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Toy vendor Rosario with a truck bearing the name of a popular film. Toy vendor Rosario with a truck bearing the name of a popular film.

Artisanal toymakers resist competition from high-tech products

Sales have been hurt, but demand for traditional toys has not died, vendors say

Despite decades of brutal competition from plastics and electronics, Mexico’s traditional handcrafted toys still manage to survive.

Vendors admit that technologies such as tablets and smartphones have hurt their sales, but they deny that demand for traditional toys has died. The secrets to their survival seem to be a sense of nostalgia, innovation in how the toys are used and adapting to trends in popular culture.

Many of the toys are sold in places such as La Ciudadela, a large handcrafts market in the historic center of Mexico City that is among several that exist due to government efforts to promote and preserve the role of handcrafts in Mexican society.

Interviews with various vendors here indicate that handcrafted toys remain an important part of the Christmas season in Mexico, especially for families with children.

Traditional toys include dolls and other figures, miniature versions of adult items such as dishes, vehicles and tools, animals, puzzles, games and more. They are made with just about all the same materials as other handcrafts including textiles, paper, clay, wood, metal and even unusual ones such as corn husks.

Lucha libre masks remain popular.
Lucha libre masks remain popular.

Rosario, 27, has sold Michoacán-made wooden toys in La Ciudadela for the past five years. She says sales were better in the past, but she enthusiastically states that people are starting to show more interest in the toys again, in part because of innovations that make them more accessible. She says the uptick in sales is because technology has been offering recycled ideas as of late, but there has been innovation in the production of wooden toys to make them more attractive to modern children.

For example, wood tops were spun using a cord wrapped around the toy, which required some skill to master. Today, they can be spun using a mechanism which is much easier.

“Before the toys were more difficult to operate. Now, it is easier to get the ball into the cup with a little practice, and without breaking a tooth,” jokes Rosario. There is also a version of the popular game Jenga which, Rosario assures, “is played with more adrenaline.”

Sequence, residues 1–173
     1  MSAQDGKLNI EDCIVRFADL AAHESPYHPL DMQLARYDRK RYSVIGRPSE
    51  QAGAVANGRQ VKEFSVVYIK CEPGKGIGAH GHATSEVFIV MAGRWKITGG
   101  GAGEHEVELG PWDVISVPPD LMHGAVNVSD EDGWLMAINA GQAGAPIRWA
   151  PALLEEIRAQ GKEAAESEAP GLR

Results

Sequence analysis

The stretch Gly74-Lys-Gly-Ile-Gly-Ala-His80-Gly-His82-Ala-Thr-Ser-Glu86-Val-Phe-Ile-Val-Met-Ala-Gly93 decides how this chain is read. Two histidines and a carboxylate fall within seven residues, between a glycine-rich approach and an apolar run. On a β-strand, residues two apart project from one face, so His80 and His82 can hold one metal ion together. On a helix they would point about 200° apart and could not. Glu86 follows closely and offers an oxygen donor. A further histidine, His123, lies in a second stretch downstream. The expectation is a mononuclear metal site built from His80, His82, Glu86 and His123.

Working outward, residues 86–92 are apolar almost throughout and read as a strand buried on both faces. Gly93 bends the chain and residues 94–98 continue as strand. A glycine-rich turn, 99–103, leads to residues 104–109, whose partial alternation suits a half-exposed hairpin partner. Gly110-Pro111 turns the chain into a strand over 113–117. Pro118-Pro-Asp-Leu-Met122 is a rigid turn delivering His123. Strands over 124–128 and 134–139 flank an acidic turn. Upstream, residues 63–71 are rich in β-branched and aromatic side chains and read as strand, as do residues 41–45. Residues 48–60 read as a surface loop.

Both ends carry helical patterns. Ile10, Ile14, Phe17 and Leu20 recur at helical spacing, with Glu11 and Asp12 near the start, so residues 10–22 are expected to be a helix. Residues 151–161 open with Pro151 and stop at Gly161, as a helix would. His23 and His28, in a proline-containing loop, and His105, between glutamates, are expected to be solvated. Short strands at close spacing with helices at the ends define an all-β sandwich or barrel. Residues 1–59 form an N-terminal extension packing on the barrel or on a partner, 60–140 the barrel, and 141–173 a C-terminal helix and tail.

Other innovations include taking cues from pop culture, particularly movies. To make the wooden trucks more attractive, they are painted with images from popular Disney movies such as Cars. Wooden guitars are made imitating those from the movie Coco.

Perhaps the most recognizable Mexican toy is the ball-in-cup, which is frequently sold in tourist markets. It consists of a cup on the end of the stick, and a ball hanging by a thread from where the stick and cup join. The goal of the game is to swing the ball up and over into the cup.

It, along with the wooden top, are the most popular traditional toys sold in in La Ciudadela. They cost between 30 and 50 pesos each.

In popularity, they are joined by yo-yos, María dolls, teetotums (a kind of top with messages or a gambling aspect to them), lotería boards and figures of Mexican cultural icons.

Some of the most expensive toys found at the Ciudadela market are play sets depicting Mexican lucha libre arenas, complete with figures of wrestlers El Santo and Blue Demon, who are still legends years after their deaths.

The popularity of the wrestling merchandise is mixed. The sales of figures have taken a hit due to the popularity of superhero figurines. “They (the wrestlers) were our heroes when we were kids,” says one vendor. But hardly any sell, at least for now.

Masks, however, remain popular, especially as gifts.

It is unclear if any of these vendors have permission from copyright holders to use images from movies or sports.

Often the reason why traditional toys are bought is because parents insist on including them in the Three Kings’ bounty along with toys requested by children in the days before January 6. It is a reminder of the parents’ childhoods, and a way to pass along Mexican identity to the next generation.

“We say that we must not let this tradition be lost. We must buy products made by hand,” said one vendor as he played with a ball-in-cup.

Source: El Universal (sp)

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